Although researchers haven't come up with a foolproof way to avoid the indelicate side effect of beans, they have found yet another reason why you should eat more of them. In addition to their high fiber and protein content, a new study finds that beans, particularly black ones, are a rich but overlooked source of antioxidants and may provide health benefits similar to some common fruits, including grapes, apples and cranberries.
The study, which researchers say is the first to link bean color to antioxidant activity, is scheduled to appear in the Dec. 31 issue of the Journal of Agricultural and Food Chemistry, a peer-reviewed journal of the American Chemical Society, the world's largest scientific society.
The researchers tested the antioxidant activity of flavonoids — plant pigments — found in the skin of 12 common varieties of dry beans. Antioxidants destroy free radicals, which are highly active chemicals whose excess has been linked to heart disease, cancer and aging.
Black beans came out on top, having more antioxidant activity, gram for gram, than other beans, followed by red, brown, yellow and white beans, in that order. In general, darker colored seed coats were associated with higher levels of flavonoids, and therefore higher antioxidant activity, says lead investigator Clifford W. Beninger, Ph.D., a research associate at the University of Guelph in Ontario, Canada.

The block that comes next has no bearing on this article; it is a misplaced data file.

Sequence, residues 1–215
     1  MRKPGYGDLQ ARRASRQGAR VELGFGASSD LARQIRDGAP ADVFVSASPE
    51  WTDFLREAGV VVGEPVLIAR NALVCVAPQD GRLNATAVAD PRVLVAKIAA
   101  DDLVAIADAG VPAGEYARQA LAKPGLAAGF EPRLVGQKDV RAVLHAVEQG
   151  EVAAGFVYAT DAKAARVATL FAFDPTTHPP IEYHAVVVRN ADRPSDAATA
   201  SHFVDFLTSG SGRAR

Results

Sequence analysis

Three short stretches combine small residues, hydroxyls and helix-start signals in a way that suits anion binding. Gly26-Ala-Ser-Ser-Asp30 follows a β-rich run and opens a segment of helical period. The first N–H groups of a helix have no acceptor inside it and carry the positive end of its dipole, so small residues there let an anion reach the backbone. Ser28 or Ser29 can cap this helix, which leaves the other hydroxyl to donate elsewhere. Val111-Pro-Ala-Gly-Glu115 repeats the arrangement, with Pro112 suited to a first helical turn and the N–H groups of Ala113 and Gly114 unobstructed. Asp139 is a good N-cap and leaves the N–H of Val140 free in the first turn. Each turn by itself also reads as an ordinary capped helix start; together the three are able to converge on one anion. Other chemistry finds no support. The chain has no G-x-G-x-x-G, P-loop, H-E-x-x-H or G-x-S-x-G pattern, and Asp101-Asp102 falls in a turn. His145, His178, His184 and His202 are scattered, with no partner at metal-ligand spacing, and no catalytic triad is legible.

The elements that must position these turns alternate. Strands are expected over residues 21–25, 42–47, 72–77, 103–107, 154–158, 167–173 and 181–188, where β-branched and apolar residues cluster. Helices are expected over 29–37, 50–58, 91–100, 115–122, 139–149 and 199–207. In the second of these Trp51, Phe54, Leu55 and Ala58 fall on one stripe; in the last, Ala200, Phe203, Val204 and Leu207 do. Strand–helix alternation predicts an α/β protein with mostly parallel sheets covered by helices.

"Black beans are really loaded with antioxidant compounds. We didn't know they were that potent until now," says Beninger, formerly a researcher with the USDA's Sugarbeet and Bean Research Unit, located at Michigan State University in East Lansing, where he worked on the project under the leadership of co-author George L. Hosfield, Ph.D., a geneticist who recently retired from the USDA.
The study found that one class of compounds in particular, anthocyanins, were the most active antioxidants in the beans. Based on a previously published study of the anthocyanin content of black beans, Beninger found that the levels of anthocyanins per 100 gm serving size of black beans was about 10 times the amount of overall antioxidants in an equivalent serving size of oranges and similar to the amount found in an equivalent serving size of grapes, apples and cranberries.
Beninger acknowledges that some of the healthy antioxidants in beans will be lost in water upon cooking, but says that antioxidant levels will still remain high. Although dry beans were used in this study, frozen or canned beans may have similar antioxidant activity, he adds.
Human studies are still needed to confirm the link between bean antioxidants and health and until then, no one knows how many beans one must eat to obtain maximum health benefits, Beninger notes. But the finding adds antioxidants to a growing list of healthy chemicals found in the popular legume, which is also rich in protein, carbohydrates, folate, calcium and fiber. The researchers hope to use information gleaned from this study to help develop new varieties of beans that pack even more disease-fighting power.
U.S. consumers gobble up an estimated 8 pounds of beans per person each year, with pinto beans and navy beans being the most popular. Red beans also enjoy immense popularity, particularly during colder months, as a staple of chili. Although not as popular in the U.S. as other varieties, black beans are a main ingredient in many international dishes.
Funding for this study was provided by the USDA and the Michigan Bean Commission.
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